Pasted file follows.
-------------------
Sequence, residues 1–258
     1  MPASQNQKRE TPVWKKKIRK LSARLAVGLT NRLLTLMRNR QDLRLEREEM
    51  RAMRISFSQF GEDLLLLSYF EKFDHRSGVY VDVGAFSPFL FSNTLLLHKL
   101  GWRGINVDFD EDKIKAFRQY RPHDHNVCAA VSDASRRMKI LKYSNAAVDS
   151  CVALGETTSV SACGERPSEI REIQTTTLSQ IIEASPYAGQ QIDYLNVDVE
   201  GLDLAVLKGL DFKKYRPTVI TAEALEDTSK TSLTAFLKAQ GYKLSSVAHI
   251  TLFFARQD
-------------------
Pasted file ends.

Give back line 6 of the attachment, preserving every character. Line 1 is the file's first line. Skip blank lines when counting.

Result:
   201  GLDLAVLKGL DFKKYRPTVI TAEALEDTSK TSLTAFLKAQ GYKLSSVAHI